Frame relay is a high - speed WAN protocol designed specifically for interconnecting geographically dispersed LANs or WANs through a shared network. Frame relay uses multiplexing; this allows multiple users to access a frame relay virtual circuits and ports from a single location. Frame relay allocates bandwidth efficiently based on user demand. This reduces the waste incurred in Time –Division multiplexing systems where bandwidth in allocated time slots is not used. It also saves costs by allowing many devices to share a common network infrastructure and because new virtual circuits take a shorter time to provision. Frame relay operates at the data - link layer of the OSI reference model that can transport a variety of routed protocols. Routed protocols data packets are encapsulated within frame relay packets generally known as frames (Chin).
Frame relay is now the one of the most popular technologies in use. Facilities used in frame relay are less error prone than when X.25 was used and they transmit data with less overhead. Frame relay cost effectiveness makes it run at speeds of 64Kbps to 1.544 Mbps. According to Anthony Ramirez, writer for New York Times; “Frame relay can handle as much as 1.54 million bits of information each second - 27 times faster than is possible with X.25 packet switching” (Ramirez). Most carriers offer a range of Committed Information Rate (CIR) speeds that include 56 Kbps, 128 Kbps, and 256 Kbps, 384 Kbps, 1.5 Mbps, 2 Mbps and 45 Mbps. Frame relay provides a communication interface between Data Terminal Equipment (DTE) and Data Circuit- Terminating Equipment (DCE) devices. DTE include PCs, routers and bridges - customer – owned end – node and internetworking devices. DCE comprises carrier – owned internetworking devices (Singh).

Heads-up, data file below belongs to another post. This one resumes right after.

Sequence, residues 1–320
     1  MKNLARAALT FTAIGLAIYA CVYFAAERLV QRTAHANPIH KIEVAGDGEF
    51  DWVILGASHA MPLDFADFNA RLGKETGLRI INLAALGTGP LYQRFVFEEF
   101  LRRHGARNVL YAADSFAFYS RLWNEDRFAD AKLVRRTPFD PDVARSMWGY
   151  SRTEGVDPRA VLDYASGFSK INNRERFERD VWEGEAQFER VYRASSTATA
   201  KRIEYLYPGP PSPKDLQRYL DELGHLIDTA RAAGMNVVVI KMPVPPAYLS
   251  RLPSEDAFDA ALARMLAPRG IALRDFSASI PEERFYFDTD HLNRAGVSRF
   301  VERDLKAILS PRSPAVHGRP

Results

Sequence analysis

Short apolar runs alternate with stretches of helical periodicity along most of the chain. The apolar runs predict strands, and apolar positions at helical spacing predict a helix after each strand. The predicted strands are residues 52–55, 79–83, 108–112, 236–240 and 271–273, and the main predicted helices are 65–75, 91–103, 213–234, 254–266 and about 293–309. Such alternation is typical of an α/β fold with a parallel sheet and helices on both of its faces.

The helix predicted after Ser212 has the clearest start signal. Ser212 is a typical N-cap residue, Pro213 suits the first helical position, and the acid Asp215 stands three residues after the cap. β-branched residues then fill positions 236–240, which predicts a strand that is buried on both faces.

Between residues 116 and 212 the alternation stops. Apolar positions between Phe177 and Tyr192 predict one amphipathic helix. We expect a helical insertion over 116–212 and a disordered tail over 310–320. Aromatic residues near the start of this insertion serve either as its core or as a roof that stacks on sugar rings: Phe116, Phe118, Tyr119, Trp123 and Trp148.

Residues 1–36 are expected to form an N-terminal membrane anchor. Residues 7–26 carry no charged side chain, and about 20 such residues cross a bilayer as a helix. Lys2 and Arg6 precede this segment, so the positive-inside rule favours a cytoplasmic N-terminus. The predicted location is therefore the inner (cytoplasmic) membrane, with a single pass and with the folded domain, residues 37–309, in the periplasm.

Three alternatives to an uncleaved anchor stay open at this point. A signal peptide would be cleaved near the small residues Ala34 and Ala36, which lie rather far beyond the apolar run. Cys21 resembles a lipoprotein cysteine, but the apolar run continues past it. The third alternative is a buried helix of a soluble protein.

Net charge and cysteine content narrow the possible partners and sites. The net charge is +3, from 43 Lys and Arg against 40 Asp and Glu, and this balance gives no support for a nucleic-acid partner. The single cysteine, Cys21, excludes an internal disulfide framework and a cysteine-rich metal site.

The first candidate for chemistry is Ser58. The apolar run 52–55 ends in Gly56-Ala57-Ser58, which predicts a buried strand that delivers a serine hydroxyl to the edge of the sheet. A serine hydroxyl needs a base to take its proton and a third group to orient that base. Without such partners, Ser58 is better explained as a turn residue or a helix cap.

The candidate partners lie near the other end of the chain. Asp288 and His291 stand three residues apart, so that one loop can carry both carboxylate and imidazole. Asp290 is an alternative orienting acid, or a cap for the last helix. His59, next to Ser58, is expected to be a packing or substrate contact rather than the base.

FRAME RELAY VIRTUAL CIRCUTS
Frame relay forwards frames from the source to the destination through a frame relay on virtual path circuits. This can be Permanent Virtual Circuits (PVCs)...